Changing the name on a title to real estate property is one of the important things to accomplish when a loved one dies. In many cases, it's important to consult an attorney before attempting to remove the name of a deceased person from a title. Specific state laws apply to any real estate transfer, so know the requirements in your state before attempting to alter your title. If the title is one of joint tenancy with rights of survivorship, such as between married persons, however, the process can be fairly simple.
- Skill level:
Other People Are Reading
Things you need
- Certified death certificate
- Application for termination of interest by deceased
- Document with legal description of property, owners and type of tenancy
Determine whether your title is made in joint tenancy or tenancy in common. Rights of survivorship are conferred by joint tenancy. Removing a name from a tenancy in common must be negotiated with the deceased's heirs and may involve probate proceedings in court; consult an attorney first in this case.
Obtain a certified copy of the death certificate from the register of deeds or health department in the county where the death occurred. The keeper of this "vital record" will require you to prove your relation to the deceased before providing you with a certified copy of the death certificate, which is a legal document. Most registrars charge a fee for production of a death certificate.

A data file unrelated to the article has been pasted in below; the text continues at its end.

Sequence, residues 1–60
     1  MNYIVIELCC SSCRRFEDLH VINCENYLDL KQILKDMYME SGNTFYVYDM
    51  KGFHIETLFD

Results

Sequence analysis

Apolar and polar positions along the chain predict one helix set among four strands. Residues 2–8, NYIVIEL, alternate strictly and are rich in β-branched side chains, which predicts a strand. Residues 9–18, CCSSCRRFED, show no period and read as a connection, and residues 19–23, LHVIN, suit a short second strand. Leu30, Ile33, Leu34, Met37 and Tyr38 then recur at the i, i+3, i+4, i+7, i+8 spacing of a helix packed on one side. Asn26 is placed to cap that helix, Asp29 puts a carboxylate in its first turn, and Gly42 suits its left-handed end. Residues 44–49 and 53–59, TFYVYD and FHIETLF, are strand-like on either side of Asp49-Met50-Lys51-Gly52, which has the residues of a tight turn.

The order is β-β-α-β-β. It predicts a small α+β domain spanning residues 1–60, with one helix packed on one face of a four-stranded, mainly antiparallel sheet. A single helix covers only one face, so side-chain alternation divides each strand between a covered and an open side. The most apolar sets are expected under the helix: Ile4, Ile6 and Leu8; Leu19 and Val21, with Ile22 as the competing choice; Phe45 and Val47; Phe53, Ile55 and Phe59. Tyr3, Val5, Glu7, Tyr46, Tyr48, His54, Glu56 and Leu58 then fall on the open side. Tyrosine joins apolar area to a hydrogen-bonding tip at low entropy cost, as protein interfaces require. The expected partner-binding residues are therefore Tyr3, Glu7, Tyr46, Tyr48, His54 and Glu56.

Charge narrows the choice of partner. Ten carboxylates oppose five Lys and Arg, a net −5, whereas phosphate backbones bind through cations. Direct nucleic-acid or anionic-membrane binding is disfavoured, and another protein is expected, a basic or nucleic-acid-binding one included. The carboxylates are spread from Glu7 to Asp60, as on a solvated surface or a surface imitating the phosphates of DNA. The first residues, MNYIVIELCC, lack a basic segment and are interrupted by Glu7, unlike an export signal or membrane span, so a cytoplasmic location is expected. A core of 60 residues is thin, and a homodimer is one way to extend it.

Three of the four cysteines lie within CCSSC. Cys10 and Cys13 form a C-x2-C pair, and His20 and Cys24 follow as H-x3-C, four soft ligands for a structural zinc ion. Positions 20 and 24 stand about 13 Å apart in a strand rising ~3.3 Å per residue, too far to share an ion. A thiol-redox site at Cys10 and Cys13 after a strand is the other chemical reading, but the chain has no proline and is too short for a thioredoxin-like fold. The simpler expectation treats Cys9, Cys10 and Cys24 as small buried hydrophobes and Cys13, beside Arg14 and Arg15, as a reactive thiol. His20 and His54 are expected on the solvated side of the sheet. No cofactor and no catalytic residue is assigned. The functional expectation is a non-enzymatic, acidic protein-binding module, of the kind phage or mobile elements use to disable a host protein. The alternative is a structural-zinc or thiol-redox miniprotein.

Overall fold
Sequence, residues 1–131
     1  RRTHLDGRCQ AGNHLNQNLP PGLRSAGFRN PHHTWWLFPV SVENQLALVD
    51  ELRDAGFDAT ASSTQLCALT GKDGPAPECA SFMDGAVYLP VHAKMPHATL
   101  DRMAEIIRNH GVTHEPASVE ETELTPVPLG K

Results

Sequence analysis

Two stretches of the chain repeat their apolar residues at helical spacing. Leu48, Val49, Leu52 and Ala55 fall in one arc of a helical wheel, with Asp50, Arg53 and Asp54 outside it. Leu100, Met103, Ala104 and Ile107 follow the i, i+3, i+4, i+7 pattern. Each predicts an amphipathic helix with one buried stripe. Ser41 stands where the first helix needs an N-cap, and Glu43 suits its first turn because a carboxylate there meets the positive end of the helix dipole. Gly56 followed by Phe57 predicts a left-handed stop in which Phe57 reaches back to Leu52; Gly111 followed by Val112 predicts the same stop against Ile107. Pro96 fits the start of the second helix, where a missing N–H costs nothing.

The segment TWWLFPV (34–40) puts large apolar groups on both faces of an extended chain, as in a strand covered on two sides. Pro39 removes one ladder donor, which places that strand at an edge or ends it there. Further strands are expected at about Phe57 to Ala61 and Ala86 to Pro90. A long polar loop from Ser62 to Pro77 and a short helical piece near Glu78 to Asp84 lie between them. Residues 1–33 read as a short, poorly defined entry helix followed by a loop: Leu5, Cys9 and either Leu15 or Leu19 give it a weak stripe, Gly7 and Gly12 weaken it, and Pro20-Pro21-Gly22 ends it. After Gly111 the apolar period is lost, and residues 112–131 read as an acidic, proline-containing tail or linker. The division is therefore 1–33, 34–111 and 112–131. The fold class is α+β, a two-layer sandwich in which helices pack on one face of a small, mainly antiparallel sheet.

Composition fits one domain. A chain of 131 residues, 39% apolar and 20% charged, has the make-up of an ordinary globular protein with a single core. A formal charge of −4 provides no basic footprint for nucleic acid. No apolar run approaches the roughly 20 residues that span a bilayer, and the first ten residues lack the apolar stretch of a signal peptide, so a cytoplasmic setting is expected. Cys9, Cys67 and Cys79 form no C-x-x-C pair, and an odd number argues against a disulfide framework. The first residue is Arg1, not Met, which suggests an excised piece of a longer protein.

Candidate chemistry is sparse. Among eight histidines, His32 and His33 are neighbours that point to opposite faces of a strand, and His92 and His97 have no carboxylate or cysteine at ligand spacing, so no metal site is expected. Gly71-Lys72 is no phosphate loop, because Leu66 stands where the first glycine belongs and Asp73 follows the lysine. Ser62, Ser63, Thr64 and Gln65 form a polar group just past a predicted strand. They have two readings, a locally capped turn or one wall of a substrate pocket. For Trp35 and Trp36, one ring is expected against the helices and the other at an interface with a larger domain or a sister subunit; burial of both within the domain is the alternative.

Fill out a petition requesting termination of the decedent's interest in the property. These filings vary from state to state and may be as simple as a form that serves as a summary of the transaction or several affidavits. The type and number of filings is determined by the county and state where the title was issued.
File the petition for termination of interest and appropriate affidavits with the registrar of the county where the title was originally filed. Registrars commonly require a certified death certificate of the deceased and a copy of a document with the legal description of the property showing that it is held in joint tenancy with the petition. Tax bills often provide property information; check with the registrar to find out what document is accepted in the county.
Pay filing fees along with your application. These fees vary widely and are set by each county; ask to see a printed schedule of fees if you have any questions. Registrars charge to make copies of filings so make your own copies before filing the originals.
Tips and warnings
- Contact the registrar where you will file your request for information on forms or fees that you may need before attempting to file on your own.
- Considering the fees and local differences in even a simple joint tenancy-survivorship transaction, you may want to consult with an experienced real estate attorney, who could complete the transaction quickly and correctly for a modest fee; your state's bar association should have a referral service.
- Records are kept by counties, not states. File requests for death certificates in the county where the person died and title changes in the county where your property is registered.
- 20 of the funniest online reviews ever
- 14 Biggest lies people tell in online dating sites
- Hilarious things Google thinks you're trying to search for